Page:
English tailoring often conjures up images of stiff upper-lipped gents and dusty old tailoring shops. Well that may very well have been the case in the recent past but all that has changed with the new guard of tailors on the iconic Savile Row in London. With Patrick Grant, Richard James and Oswald Boateng on the scene, tailoring isn’t just for the musty set any longer.
But the grand daddy of all of Savile Row, and the one with the toniest of addresses, Number 1, is Gieves and Hawkes. They have seen the currents change and have done their part and now there is a decadent book out recording their rather remarkable history that is a must for any man interested in suiting up.
Originally Gieves was the supplier of bespoke uniforms to the British military, and their clients included a few famous names such as Admiral Lord Nelson and The Duke of Wellington as well as ten generations of British royalty from King George III to Princes William and Harry today.
It wasn’t until the 1930s that Gieves began tailoring for civilian life. Fun Fact: in 1914 Mr. Gieves asked the First Lord of the Admiralty to stop enlisting his staff so he could properly service the countries’ armed forces. The First Lord agreed. His name was Winston Churchill, also a customer.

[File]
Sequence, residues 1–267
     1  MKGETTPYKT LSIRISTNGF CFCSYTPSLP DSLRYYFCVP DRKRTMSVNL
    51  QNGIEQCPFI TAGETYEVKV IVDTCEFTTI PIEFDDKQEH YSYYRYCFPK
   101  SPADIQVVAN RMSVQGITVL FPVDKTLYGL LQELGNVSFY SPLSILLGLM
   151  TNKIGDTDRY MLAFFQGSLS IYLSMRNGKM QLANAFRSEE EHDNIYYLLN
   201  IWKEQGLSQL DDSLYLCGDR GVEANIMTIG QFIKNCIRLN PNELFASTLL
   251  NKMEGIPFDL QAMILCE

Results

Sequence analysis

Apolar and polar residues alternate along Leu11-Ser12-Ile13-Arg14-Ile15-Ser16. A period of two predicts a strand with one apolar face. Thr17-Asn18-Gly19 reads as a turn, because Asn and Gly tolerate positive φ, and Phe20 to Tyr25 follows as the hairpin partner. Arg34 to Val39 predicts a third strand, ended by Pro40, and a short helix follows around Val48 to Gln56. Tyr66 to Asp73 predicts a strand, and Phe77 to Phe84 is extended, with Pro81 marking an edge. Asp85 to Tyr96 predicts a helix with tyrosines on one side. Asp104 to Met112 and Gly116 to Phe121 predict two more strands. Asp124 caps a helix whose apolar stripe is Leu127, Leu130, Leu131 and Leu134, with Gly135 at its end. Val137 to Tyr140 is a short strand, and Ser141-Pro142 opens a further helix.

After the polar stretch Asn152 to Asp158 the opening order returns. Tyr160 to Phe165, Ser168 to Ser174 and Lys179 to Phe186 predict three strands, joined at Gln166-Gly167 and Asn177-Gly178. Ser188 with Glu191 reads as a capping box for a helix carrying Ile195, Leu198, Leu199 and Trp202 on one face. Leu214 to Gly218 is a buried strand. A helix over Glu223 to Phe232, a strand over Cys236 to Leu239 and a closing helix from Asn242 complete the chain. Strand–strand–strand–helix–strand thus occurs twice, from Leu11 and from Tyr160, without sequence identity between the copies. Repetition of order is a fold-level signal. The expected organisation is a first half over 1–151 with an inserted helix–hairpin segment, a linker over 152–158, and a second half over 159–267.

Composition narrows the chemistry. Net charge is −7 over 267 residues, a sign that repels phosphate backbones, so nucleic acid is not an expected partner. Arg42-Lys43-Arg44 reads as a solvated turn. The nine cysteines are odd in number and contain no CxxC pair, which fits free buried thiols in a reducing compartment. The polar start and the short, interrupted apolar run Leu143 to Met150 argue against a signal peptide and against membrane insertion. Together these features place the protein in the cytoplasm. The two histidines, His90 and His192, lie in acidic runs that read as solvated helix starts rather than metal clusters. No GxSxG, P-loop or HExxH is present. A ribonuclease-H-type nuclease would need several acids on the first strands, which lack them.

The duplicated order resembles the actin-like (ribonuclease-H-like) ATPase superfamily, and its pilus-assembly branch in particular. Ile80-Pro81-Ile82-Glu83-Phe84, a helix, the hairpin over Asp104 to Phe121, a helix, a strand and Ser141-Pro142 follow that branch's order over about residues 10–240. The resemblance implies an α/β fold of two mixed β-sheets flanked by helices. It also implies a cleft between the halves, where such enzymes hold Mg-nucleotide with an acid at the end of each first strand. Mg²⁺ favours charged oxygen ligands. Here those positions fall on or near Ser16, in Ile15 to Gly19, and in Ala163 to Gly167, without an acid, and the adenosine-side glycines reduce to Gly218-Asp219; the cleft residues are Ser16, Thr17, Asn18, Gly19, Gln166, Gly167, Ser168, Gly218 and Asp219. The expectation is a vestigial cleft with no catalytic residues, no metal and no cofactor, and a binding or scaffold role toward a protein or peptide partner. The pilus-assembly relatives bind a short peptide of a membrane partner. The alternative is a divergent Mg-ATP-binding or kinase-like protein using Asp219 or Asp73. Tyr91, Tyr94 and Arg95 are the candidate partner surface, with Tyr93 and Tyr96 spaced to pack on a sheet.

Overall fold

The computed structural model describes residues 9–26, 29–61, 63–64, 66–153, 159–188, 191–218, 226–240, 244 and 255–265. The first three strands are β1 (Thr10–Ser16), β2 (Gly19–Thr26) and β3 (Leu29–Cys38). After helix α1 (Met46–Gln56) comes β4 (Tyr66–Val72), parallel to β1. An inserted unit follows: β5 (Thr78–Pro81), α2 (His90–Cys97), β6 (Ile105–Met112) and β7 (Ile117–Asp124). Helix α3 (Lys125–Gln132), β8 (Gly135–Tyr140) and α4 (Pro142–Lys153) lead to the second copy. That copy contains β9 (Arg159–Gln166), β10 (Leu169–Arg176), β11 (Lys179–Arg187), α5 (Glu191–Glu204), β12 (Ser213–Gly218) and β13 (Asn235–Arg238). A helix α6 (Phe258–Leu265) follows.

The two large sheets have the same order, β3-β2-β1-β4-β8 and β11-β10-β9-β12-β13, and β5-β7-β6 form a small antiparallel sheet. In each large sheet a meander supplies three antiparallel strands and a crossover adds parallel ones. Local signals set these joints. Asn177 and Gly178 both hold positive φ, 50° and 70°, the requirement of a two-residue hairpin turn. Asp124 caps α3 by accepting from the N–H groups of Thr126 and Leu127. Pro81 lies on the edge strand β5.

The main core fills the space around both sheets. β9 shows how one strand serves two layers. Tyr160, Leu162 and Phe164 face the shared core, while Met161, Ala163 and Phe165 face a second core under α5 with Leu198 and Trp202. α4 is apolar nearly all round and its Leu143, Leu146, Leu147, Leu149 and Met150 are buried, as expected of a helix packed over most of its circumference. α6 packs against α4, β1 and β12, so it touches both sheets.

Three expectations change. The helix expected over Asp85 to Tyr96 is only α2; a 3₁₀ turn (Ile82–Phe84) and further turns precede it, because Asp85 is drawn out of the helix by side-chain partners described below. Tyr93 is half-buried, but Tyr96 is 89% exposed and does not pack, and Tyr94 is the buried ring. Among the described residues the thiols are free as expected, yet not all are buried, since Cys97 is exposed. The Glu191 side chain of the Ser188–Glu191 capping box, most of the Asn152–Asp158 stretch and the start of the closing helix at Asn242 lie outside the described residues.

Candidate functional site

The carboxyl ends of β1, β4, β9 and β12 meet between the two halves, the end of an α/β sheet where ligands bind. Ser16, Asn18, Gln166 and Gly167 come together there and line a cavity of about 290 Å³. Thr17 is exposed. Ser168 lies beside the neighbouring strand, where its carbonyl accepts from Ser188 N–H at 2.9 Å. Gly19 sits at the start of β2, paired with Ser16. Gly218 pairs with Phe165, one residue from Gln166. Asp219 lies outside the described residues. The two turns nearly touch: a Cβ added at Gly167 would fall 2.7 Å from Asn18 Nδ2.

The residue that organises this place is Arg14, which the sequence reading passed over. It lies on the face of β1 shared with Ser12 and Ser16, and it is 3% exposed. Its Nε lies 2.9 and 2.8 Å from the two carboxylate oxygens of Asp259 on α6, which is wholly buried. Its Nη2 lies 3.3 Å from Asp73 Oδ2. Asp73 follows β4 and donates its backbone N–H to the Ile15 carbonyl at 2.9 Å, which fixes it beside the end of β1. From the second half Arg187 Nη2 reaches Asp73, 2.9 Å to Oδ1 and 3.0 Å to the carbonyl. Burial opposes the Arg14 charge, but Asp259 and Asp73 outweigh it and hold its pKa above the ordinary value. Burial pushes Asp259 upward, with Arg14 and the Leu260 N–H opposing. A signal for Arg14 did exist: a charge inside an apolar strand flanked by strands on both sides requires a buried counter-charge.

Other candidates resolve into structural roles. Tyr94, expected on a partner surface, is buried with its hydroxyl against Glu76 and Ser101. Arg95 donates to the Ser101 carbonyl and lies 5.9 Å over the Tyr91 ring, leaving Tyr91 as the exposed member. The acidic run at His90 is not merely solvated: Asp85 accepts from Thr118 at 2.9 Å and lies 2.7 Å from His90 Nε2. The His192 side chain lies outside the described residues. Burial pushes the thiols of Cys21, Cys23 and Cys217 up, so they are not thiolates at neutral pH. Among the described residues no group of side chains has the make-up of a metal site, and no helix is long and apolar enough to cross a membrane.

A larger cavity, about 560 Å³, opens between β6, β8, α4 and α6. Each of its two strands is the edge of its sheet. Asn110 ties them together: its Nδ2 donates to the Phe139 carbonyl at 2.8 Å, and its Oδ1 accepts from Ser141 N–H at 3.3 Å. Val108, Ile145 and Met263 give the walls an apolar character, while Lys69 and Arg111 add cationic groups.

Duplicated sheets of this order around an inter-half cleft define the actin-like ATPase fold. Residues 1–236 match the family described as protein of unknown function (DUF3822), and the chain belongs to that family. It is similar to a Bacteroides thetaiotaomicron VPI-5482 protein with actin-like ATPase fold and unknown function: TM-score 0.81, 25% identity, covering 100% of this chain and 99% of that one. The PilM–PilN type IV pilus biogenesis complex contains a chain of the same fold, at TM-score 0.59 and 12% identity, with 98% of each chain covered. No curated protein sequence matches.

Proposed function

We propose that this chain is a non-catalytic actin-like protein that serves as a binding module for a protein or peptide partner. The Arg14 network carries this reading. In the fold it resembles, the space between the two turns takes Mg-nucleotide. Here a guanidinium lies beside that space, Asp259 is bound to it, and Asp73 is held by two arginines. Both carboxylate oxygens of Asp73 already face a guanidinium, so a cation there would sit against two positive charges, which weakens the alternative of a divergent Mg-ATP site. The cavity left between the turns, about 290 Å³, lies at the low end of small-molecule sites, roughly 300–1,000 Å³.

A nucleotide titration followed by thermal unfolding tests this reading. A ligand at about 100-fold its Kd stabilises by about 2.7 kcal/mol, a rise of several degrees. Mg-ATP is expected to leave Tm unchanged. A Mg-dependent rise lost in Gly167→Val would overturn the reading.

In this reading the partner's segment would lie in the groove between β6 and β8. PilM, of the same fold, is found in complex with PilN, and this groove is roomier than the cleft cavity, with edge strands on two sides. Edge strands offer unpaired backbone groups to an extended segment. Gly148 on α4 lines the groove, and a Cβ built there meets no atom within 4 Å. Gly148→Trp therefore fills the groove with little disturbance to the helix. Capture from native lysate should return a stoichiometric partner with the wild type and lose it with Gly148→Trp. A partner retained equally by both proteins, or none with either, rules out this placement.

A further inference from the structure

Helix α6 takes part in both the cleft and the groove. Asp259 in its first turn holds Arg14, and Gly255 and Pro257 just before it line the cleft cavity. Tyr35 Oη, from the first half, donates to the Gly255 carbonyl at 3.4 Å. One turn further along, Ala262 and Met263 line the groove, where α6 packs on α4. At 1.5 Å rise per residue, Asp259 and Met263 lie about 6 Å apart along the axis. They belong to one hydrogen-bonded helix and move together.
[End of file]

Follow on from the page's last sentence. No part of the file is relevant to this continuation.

This book is on the large side and we wouldn’t want it any other way. The grand scale of the imagery from historic uniforms to todays tailored pieces shot in equally iconic setting such as The Travellers Club in London and The Wentworth Woodhouse in South Yorkshire (only the largest privately owned home in Europe!) as well as in the Gieves flagship.
Not only are the images by Bruno Ehrs amazing, but the text is written by the top brass in their respective fields. Marcus Binney, the founder of SAVE British Heritage (and awarded an OBE in 2006) covers the architectural history of 1 Savile Row while Harold Koda, the curator of the Costume Institute at the Metropolitan Museum of Art in New York provides the Forward. Esteemed fashion writer Colin McDowell provides us with the history of the English Gentleman.
Recently the company dove into a massive overhaul of the building in which they have been since 1912 and the results are astounding. They emphasize their heritage with framed photos and documents from their archives while weaving in contemporary artwork to mirror their very obvious presence in modern menswear.
With the holidays just ahead, this tome is the perfect gift for a well-dressed gent in your life.
All photos courtesy of Bruno Ehrs